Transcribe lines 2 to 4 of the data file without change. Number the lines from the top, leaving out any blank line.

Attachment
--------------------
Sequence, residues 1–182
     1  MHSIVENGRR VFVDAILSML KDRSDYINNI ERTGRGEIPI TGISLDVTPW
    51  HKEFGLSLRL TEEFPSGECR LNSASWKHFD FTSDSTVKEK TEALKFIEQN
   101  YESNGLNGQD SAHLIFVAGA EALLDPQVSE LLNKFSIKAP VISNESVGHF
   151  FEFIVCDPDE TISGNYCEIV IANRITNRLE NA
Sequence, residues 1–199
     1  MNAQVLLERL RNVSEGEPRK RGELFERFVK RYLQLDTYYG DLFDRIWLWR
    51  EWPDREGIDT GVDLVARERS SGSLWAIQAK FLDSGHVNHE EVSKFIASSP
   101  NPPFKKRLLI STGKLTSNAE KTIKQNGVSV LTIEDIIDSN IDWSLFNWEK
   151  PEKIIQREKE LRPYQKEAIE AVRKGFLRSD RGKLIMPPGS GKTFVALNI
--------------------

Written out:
     1  MHSIVENGRR VFVDAILSML KDRSDYINNI ERTGRGEIPI TGISLDVTPW
    51  HKEFGLSLRL TEEFPSGECR LNSASWKHFD FTSDSTVKEK TEALKFIEQN
   101  YESNGLNGQD SAHLIFVAGA EALLDPQVSE LLNKFSIKAP VISNESVGHF